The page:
Entries in Preparedness Book (2)


Review of The Book: Will To Live dispatches from the edge of survival

In his latest book, Will To Live, dispatches from the edge of survival, Les Stroud covers one of my favorite, but least covered aspects of survival. Which is, when it comes to survival, why do some people live, while others succumb to the environment around them?

We've all heard the stories of skilled and well prepared hikers or hunters that become lost in the wilderness, only to die after a day or two. While other stories involving children, or even special needs people being lost for up to a week or more, and with no special skills, or supplies living to tell the tell.

In Will To Live, dispatches from the edge of survival, Author Les Stroud examines in detail some of the more famous of these stories. He walks the reader through the experience of being in that particular survival situation, what that person did right, and in many cases wrong. 

Les gets into more details as he explains what he would have done differently, and even if in a similar situation if he would have made the same choice adding in sections of supply lists, and how to do things the correct way when faced with certain situations. For instance Les covers winter driving, preserving a moose, and conducting a reconnaissance mission.

Les, uses each chapter to look at a particular survival situation and at the end of the chapter breaks it down into categories and percentages used in the survival situation. 

Les Stroud is an excellent writer and expresses his thoughts with complete clarity on a subject that is not often studied or written about, and clearly gets the message across that there is more to survival, that just being well prepared. What's more is the Will To Live also shows the human beings capacity and will to survive, even when facing insurmountable odds.

If you are a fan of survival, preparedness, Survivorman, or even Les Stroud himself, you will without a doubt enjoy this book. At times I felt as if Les himself were reading it to me, in his calm, but knowing voice.

Disaster Preparedness Blog gives Will To Live dispatches from the edge of survival: 5 Stars out of 5.

Pick up your copy here today!

~ I predict this will be one of the best selling books on survival of 2011 ~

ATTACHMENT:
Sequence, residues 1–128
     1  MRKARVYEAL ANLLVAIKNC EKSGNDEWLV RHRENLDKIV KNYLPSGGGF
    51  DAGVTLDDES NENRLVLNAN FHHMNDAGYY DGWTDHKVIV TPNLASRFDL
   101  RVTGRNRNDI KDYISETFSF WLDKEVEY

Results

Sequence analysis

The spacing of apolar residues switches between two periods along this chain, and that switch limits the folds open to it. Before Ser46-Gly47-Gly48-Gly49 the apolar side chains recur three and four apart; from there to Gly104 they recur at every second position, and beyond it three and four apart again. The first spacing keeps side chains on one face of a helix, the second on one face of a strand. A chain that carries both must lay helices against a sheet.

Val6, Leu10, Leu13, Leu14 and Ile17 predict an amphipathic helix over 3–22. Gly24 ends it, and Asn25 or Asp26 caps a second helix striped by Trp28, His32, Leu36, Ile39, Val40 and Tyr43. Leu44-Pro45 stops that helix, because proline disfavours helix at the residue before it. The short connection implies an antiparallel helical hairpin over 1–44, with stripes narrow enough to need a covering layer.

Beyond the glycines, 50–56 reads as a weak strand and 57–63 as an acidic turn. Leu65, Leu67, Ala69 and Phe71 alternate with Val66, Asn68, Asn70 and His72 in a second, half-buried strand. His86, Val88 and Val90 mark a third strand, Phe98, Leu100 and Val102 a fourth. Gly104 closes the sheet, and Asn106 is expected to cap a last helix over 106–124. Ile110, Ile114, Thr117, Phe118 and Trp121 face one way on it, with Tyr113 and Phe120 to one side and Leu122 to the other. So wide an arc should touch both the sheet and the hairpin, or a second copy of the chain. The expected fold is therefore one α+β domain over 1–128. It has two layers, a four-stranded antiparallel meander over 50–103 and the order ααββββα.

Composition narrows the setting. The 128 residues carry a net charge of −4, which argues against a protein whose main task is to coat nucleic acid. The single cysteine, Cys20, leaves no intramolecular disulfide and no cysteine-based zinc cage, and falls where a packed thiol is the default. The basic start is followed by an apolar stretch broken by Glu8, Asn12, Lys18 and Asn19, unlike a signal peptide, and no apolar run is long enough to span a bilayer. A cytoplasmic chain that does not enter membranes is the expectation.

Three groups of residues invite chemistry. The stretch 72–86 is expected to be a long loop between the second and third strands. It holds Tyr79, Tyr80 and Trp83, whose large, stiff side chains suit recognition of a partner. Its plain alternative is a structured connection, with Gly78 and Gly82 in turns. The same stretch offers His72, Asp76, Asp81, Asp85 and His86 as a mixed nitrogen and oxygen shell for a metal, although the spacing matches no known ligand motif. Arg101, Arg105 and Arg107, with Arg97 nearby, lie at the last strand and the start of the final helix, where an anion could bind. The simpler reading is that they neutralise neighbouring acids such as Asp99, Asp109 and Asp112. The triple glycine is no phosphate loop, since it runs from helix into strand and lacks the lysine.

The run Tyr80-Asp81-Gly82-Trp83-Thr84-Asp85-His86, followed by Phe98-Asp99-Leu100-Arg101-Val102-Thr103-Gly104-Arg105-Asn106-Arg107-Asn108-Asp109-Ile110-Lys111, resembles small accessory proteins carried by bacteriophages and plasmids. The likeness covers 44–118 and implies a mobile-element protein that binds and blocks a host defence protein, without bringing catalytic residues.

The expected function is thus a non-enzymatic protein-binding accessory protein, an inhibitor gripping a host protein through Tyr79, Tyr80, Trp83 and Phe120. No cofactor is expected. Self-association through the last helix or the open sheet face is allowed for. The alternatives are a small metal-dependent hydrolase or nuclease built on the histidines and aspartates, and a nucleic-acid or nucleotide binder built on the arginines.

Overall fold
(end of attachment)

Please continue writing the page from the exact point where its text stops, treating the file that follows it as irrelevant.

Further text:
Review of The Book: Handbook To Practical Disaster Preparedness For The Family

The Handbook to Practical Disaster Preparedness for the Family, by Arthur T. Bradley, Ph.D. is absolutely fabulous. Whether you’re a novice just starting out, a seasoned “prepper” or a die-hard survivalist, this is one book that you should add to your must read list. In fact, I bet most of you will be adding this book to your libraries and go-bags or BOB’s.

When I first received the book, I was a bit busy with some other reading I had to do, so I did a quick thumb through of it and I have to admit, I was impressed with the content right away. It is hard to find any one book that covers everything when it comes to preparedness, but this is as close as it comes when you get down to a practical guide, especially for families.

The Handbook to Practical Disaster Preparedness for the Family contains complete lists, photos, charts, formulas that will be quite useful to many. Want to know about food storage and how long your food will last? It’s in there. Need to know how much fuel you’ll need for your generator for one week? It’s in there. Think you’re prepared with just your store bought survival kit? It talks about why you may need more than that.

It also covers sleep and sleep deprivation, communication, first aid, lighting, fire, electrical power and much, much, more. If you’ve been looking for a book that covers and touches on nearly everything that you need for your families preparedness needs this book is it.

In all honestly I had a hard time finding anything to be critical about with this book. It is well thought out, well written, and as I mention covers a large amount of information. With that said, if I had to find anything wrong with the book at all, and trust me it was difficult; it would be the burn graphics on page 302. I think it would have been better if the book included actual photos of burns instead of graphics. This could be due to the former EMT in me, but I think it would have served readers better with actual pictures of the wounds for better comparison.

Considering this was the only thing I could find, I consider it very minor, and hope that you will find this review useful and check the book out for yourself.

Disaster Preparedness Blog gives Handbook to Practical Disaster Preparedness for the Family: 5 Stars out of 5.

 Be Sure to Order a Copy and add it to your BOB today!

Visit the Authors site at: DisasterPreparer.com